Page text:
New policies introduced by the current government have put vocational qualifications firmly in the spotlight.
April 2017 saw the introduction of the new apprenticeship levy, which aims to support the creation of three million new apprenticeships by 2020.
2020 will also see the introduction of a new technical qualification – T-levels; a classroom-based qualification for 16-19 year olds who want to learn the knowledge, skills and behaviours to progress to further training or into employment.
Here Sarah Glendinning, Regional Director of the CBI and Michelle Rainbow, Skills Director at the North East LEP, share their thoughts on T-levels and what impact they will have here in the North East.
“T-levels are being introduced to make it easier for young people to take technical and vocational routes to their chosen careers and tackle long-term skills shortages across industry,” said Sarah.
“The CBI has long called for a world-class technical route and supports the introduction of T-levels as an opportunity to deliver the skills that businesses and young people need.”
Each T-level will last for two years and be taught full time in a college with time spent on a threemonth work placement. The first three programmes – education and childcare, construction and digital – will start in September 2020, with the full system up and running by 2024.
Michelle Rainbow said: “The North East LEP supports the introduction of T-levels. They are based on best practice in technical education in other countries so are fundamentally sound in their approach and thinking, however whilst we are developing T-levels it’s really important that the employer voice is heard strongly especially when it comes to resolving some of the challenges.
“As a region we need to work on closing our skills gap and T-levels are a step in the right direction. Just like the hugely successful Good Career Guidance benchmarks, which now form part of statutory guidance for schools in delivering careers advice, the business community will play a very important role in the success of T-levels.”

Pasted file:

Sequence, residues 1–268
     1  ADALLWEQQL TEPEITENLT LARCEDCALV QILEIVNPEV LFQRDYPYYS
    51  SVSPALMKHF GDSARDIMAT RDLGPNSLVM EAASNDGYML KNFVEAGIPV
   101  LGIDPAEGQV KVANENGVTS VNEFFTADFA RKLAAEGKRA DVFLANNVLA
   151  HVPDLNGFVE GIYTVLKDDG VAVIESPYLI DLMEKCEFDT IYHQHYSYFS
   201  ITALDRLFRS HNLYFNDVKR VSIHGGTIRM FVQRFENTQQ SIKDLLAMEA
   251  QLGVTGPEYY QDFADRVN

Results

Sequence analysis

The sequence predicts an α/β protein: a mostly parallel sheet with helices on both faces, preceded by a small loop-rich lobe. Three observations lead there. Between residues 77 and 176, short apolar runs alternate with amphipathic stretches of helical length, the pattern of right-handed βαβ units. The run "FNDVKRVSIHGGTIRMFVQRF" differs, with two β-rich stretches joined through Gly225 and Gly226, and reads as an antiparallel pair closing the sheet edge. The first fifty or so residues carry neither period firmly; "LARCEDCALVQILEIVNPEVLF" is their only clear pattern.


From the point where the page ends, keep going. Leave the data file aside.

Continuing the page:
T-levels will be designed in partnership by business and Government. Industry has a great opportunity to play a vital role in building a system that delivers the skills it needs in the future.
As Sarah explained: “75% of businesses in the 2017 CBI/Pearson Education & Skills Survey expect to need more people with higher skills in the future, but 61% are not
confident about filling these highskilled jobs.
“Engagement between government and employers is vital to make T-levels work for everyone and ensure that training and qualifications match business need. T-levels have the potential to be transformative as a world-class route in our education system and economy.”
Michelle continued: “Securing buy-in from the business community and working in partnership with industry will ensure T-levels are a success. We need employers in the North East to really step-up and get involved in their design and delivery.
“The Department for Education is looking for experienced professionals to join its ‘T-level panels’ across each of the 15 routes to help design the new programmes. It would be fantastic to see the North East represented on those panels.”
The CBI has long-called for a high-esteem A-level equivalent so it’s important T-levels establish themselves as a currency that both young people and employers understand and respect as a goldstandard qualification.
Michelle Rainbow said: “Any outdated opinions about the value of technical versus academic education must be forgotten. It’s important we embrace both in the North East, and indeed across the UK, if we want to compete on a global stage.”
Sarah concluded: “There has never been a more important time to deliver world class training for our young people in every part of the UK. If delivered properly, T-levels can increase skill levels in the North East so they meet business needs and help young people to progress into higher skilled, better-paid work.”